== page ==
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My day at the Championships begin at the weigh ins. There are about 60 boxers to weigh in and then have their pre-bout medicals. The medicals are essential to ensure the boxer is fit to fight. I make sure the boxer is feeling well and ask if they have any injuries to declare. I examine their face, their pupillary responses, teeth, jaw and ensure their gum shield fits. I listen into their chest and make sure there is no palpable rib tenderness. Finally, I examine their hands to make sure there are no signs of fractures, open wounds or any other concerns that would put the boxer at risk if they boxed. All boxers have to have a yearly medical and I make sure this is in date.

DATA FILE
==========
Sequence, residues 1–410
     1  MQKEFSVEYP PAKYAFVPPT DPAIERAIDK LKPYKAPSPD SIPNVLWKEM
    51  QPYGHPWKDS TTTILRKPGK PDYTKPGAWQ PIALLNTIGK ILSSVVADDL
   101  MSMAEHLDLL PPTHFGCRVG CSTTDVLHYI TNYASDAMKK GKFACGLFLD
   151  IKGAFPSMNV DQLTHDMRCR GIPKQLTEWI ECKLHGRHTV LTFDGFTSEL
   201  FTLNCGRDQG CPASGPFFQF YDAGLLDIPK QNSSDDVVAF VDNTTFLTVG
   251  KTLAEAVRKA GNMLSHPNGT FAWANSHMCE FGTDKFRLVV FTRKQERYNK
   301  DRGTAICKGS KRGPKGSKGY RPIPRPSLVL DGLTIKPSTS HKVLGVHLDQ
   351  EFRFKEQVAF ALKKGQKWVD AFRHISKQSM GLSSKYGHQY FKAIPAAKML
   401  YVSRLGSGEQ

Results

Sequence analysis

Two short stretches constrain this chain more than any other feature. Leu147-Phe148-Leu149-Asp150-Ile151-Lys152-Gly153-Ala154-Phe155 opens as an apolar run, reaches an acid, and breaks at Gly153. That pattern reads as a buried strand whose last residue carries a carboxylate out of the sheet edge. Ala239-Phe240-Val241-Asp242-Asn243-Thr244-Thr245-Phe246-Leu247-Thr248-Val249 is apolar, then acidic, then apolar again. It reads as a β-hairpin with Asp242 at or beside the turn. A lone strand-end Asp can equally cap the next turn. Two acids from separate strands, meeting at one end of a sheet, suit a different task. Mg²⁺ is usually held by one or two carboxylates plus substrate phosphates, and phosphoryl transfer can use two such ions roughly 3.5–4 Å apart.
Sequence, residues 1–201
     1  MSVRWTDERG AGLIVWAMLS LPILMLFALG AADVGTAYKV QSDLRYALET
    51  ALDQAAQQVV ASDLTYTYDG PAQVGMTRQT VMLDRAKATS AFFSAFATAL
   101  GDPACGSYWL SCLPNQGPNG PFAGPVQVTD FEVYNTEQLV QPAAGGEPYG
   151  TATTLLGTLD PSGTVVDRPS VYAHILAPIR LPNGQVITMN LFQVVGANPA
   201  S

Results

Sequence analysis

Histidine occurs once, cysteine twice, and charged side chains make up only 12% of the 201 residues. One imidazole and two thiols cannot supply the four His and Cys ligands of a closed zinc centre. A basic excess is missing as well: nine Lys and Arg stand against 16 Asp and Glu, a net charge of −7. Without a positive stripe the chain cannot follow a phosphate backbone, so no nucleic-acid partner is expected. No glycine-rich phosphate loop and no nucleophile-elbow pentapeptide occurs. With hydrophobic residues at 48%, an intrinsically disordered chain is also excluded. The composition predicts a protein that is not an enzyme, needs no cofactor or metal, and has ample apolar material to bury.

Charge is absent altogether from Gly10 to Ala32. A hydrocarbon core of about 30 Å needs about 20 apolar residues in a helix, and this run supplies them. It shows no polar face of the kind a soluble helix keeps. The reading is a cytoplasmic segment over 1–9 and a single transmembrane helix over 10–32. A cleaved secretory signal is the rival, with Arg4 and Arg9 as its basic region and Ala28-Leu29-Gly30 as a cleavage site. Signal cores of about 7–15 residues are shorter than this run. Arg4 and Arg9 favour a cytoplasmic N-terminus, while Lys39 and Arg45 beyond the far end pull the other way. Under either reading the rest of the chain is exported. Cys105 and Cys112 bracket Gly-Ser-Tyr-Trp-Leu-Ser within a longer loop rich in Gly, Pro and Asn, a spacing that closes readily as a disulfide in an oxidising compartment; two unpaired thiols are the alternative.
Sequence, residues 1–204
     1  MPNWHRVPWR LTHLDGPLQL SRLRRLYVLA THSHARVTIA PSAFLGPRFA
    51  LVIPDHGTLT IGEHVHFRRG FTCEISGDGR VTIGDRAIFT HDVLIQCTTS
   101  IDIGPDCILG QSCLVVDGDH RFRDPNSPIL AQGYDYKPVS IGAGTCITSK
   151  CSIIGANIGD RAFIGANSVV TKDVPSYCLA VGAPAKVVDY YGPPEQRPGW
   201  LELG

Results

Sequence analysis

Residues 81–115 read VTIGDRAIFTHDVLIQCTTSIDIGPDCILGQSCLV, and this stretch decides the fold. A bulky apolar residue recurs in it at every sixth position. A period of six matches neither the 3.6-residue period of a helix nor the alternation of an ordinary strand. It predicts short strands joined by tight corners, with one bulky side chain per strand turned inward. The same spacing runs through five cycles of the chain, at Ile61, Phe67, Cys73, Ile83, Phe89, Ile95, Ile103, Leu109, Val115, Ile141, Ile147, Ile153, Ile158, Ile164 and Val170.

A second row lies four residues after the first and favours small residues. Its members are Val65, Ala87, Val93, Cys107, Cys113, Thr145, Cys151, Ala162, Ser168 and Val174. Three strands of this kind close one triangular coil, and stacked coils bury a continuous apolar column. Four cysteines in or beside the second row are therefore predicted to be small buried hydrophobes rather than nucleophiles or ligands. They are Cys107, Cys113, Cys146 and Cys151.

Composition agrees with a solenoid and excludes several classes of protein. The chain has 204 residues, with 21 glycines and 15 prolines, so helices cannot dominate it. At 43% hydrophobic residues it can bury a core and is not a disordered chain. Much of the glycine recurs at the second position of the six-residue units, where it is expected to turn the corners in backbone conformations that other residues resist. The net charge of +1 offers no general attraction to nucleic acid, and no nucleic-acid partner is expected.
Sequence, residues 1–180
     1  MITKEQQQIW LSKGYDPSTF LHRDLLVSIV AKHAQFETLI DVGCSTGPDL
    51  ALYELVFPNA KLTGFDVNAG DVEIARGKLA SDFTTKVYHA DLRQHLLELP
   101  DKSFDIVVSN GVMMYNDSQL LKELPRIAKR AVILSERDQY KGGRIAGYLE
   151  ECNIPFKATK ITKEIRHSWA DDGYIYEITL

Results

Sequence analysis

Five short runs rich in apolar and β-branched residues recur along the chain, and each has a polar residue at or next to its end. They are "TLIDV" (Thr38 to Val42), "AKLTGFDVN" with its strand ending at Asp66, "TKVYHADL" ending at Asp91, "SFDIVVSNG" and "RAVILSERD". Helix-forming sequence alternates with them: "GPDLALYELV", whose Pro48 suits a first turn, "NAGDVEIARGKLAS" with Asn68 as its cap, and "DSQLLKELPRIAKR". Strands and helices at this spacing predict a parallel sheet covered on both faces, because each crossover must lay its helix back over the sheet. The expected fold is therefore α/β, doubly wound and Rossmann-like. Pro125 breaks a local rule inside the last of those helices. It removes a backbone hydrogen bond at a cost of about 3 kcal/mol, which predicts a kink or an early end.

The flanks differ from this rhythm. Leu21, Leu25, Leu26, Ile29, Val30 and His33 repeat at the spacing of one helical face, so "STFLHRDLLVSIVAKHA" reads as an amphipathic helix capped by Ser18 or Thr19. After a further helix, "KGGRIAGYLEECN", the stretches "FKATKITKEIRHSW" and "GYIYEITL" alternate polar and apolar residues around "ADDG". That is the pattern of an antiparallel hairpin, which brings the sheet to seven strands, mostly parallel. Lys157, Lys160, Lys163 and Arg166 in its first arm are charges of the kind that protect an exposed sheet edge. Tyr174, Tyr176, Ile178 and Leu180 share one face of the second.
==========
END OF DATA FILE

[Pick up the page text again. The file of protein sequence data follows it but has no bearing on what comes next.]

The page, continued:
After this we meet with the paramedics who we will be working with and together we go through the evacuation procedure in the event of a “down boxer”. This forward planning could save a life. We practise how to get a boxer out of the ring and into the ambulance using our evacuation route. Communication, giving clear instructions and working as a team are key skills. It is also novel to experience pre-hospital care in this setting.

Boxing has gained controversy for allowing boxers to not wear headguards. Male boxers born after 2000 have to wear a headguard and all level of female competitors. Most of the boxers at a typical evening of boxing will wear headguards.

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A cross-sectional
prospective observation study looked at the changes in injuries after the
removal of head guards in AIBA competitions which showed a significant decrease
in the number of stoppages when head guards were not worn (1). It did show
though a notable increase in cuts (1). It is thought to be the rotational acceleration of the head which is the
major factor in concussion or mild traumatic brain injury. Head guards provide
padding over the forehead but only a thin strap under the chin. Padding cannot